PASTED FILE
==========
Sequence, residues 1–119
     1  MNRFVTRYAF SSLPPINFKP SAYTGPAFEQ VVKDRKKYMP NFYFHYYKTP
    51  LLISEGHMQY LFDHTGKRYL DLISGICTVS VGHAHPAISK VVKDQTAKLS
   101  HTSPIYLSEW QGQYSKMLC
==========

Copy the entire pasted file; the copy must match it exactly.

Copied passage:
Sequence, residues 1–119
     1  MNRFVTRYAF SSLPPINFKP SAYTGPAFEQ VVKDRKKYMP NFYFHYYKTP
    51  LLISEGHMQY LFDHTGKRYL DLISGICTVS VGHAHPAISK VVKDQTAKLS
   101  HTSPIYLSEW QGQYSKMLC